I think what it takes to make a great piece of art is to connect with the observer on an emotional or personal level. A bit of mystery can let the observer interpret the work based on their own experiences and let them identify with it. If you spell it all out there can only be one way to interpret the work, and I think what makes great art is when everyone experiences it differently.
In my case, I understood in the early 1980s that computer tools were going to be the basis for a structurally original approach, whose stakes had to be grasped right away. These possibilities seemed unlimited and the transformations unending. They represented a fabulous dictionary of forms and colors, on whose basis I could work on the image, modify it, and regenerate it.
Digital art can explore new territory. I believe that is really a new kind of aesthetic of the virtual that is emerging. I have the feeling of being in tune with my time, creating a new poetry and a new poetic universe able to lift emotions. It is for me the art of the 21st century.
To make a great piece of art you need to believe that you have an eternity of time—even though it is the most urgent thing in your life—and you also need plenty of nothing-to-lose, for its impeccable production. To consume a lot of music, love, and a little alcohol, of course.
Omar Z. Robles
It takes a larger combination of elements to create one great work of art, but ultimately the question should become “What does it take to make a great PIECES of art?” (Note the plural). Why? Because in order for an artist to truly excel they need to be able to create not one, but many great pieces of art. That’s how you can recognize, or rather distinguish, the artist from the layman. It’s the consistency in their work that separates them from just being a “one hit wonder”.
Now in order to achieve that, you need to be able to have the patience of going through the process of getting it wrong, many times. Until you start getting it right, then you continue pushing yourself on that same line and you don’t quit. Another element is to be self-critical. One of my mentors in photography once told me “the true secret to great photographers is that they only exhibit their best work.” We all can produce a bad piece, even on our best days. However, you have to learn to detach yourself from your work and be critical of yourself before you publish any kind of work.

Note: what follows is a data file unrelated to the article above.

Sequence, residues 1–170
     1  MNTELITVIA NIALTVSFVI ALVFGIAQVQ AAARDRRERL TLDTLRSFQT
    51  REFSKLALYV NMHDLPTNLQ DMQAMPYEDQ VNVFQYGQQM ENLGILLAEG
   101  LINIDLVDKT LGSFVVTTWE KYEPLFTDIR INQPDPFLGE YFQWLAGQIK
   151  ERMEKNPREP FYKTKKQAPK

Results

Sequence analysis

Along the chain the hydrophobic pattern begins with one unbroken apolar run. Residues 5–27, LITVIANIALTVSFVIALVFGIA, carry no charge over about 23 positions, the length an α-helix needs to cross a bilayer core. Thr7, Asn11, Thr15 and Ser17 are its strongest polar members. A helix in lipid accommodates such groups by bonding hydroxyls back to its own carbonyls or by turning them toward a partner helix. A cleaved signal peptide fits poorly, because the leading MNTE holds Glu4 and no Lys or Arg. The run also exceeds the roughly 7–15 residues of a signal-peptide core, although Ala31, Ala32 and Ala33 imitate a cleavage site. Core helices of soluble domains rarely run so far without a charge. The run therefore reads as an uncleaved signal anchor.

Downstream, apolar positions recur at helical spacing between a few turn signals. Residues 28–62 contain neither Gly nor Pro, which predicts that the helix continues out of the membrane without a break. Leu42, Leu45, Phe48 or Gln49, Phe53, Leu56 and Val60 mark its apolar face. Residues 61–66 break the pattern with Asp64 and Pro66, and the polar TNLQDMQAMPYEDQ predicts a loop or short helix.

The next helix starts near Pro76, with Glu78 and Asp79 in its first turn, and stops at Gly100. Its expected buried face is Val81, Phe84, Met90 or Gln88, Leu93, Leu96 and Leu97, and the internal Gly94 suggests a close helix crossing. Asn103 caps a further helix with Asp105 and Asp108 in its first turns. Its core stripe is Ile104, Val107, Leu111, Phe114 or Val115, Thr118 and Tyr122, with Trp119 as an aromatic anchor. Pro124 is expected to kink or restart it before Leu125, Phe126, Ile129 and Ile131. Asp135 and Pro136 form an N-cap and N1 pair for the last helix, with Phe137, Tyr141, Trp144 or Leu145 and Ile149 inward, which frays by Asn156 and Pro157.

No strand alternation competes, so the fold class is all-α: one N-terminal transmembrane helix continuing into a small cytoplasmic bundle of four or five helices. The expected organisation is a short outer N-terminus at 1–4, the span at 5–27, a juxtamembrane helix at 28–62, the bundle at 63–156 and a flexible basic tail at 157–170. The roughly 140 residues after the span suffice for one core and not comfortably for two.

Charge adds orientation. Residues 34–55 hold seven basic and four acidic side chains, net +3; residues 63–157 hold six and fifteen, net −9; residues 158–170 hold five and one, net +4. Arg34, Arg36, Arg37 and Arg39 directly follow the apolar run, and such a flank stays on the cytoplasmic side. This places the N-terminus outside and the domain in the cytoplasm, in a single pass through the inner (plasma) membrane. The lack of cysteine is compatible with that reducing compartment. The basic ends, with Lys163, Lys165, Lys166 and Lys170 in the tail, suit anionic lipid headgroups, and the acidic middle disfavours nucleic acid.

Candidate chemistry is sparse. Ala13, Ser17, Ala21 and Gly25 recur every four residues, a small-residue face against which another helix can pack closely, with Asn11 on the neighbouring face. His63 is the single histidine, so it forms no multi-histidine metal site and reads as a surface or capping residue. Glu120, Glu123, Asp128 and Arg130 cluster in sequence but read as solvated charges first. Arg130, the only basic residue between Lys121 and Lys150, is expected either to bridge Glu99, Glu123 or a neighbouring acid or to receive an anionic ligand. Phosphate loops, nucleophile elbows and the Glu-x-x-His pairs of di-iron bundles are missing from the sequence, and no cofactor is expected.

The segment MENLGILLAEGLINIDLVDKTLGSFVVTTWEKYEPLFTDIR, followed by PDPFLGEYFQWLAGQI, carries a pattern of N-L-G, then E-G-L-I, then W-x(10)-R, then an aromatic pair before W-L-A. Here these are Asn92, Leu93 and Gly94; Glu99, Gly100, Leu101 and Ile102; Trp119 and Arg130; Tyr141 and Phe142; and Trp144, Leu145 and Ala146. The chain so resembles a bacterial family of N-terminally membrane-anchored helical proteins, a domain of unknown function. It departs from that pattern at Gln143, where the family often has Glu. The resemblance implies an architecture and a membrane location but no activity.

Finally, it takes essence/context for a work to be great. That is, I guess, the hardest thing to assess. Great works of art, I believe, all share one thing, and that is that they are supported by context. It can’t just be beautiful, or shocking for the sake of it. Great artworks captivate you because you can, in one way or another, identify with it. Marcel Marceau used to tell me all the time “il fault toucher le publique” (we need to be able to move the audience). His message was, it’s not enough to be technically good, you need to have the capability to move and touch your audience. The only way you can move your audience is if your work is supported by context.
Great authors, philosophers, or critics have published books about this subject without being able to answer the question, so I do not see how I can try to answer it….. The look on a work is multiple. There is an emotional and philosophical charge, the relation to space, the subject, the light, the relation to the spectator, the technique, the message, the concept etc ……
Every time I see work from another artist that I love, I tend to have a visceral reaction to the piece(s). It could be a quickening of my pulse, or butterflies in my stomach, that strange twisty feeling you get in your gut that’s so similar to the reaction you would have when lusting over someone. That’s how I know it’s good. I can’t stop smiling, or staring; it brings me such a rush of emotion that I can’t help but feel drawn to it. I believe it comes down to a purity of the artist’s voice that you really can’t fake.
When making my own work, I know I’ve done my job when I get that feeling, that twinge of excitement (of course that doesn’t always happen, unfortunately) but I know I’ve done my best when I have those feelings.
An emotion. This is the first spark of every fire. Emotions that are not necessarily positive ones, but this first feeling creates the art. If you try to express what you are feeling that will be art no matter which way it takes and what form it has.
As an artist, it is important to create work that genuinely comes from within. This is the only way that a new and unique point of view is found. It is an easy trap for an artist to generate work she perceives her audience will like. True, the viewer ultimately determines the greatness of an art piece—great art impacts a vast spectrum of people. But a volatile audience cannot be predicted, hence great art is rarely a calculated guess, it is often an accident. The only way an artist can introduce new perspectives is continuing to be curious, ask questions, and explore. Seeing the world through curious eyes leads to new discoveries.